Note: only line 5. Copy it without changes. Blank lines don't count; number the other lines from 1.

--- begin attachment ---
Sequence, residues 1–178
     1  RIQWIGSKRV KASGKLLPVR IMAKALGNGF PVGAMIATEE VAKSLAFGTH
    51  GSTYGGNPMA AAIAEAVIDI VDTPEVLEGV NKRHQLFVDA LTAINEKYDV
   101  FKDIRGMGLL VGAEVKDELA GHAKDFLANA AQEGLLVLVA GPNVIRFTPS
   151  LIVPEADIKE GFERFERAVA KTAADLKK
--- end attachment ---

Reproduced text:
   151  LIVPEADIKE GFERFERAVA KTAADLKK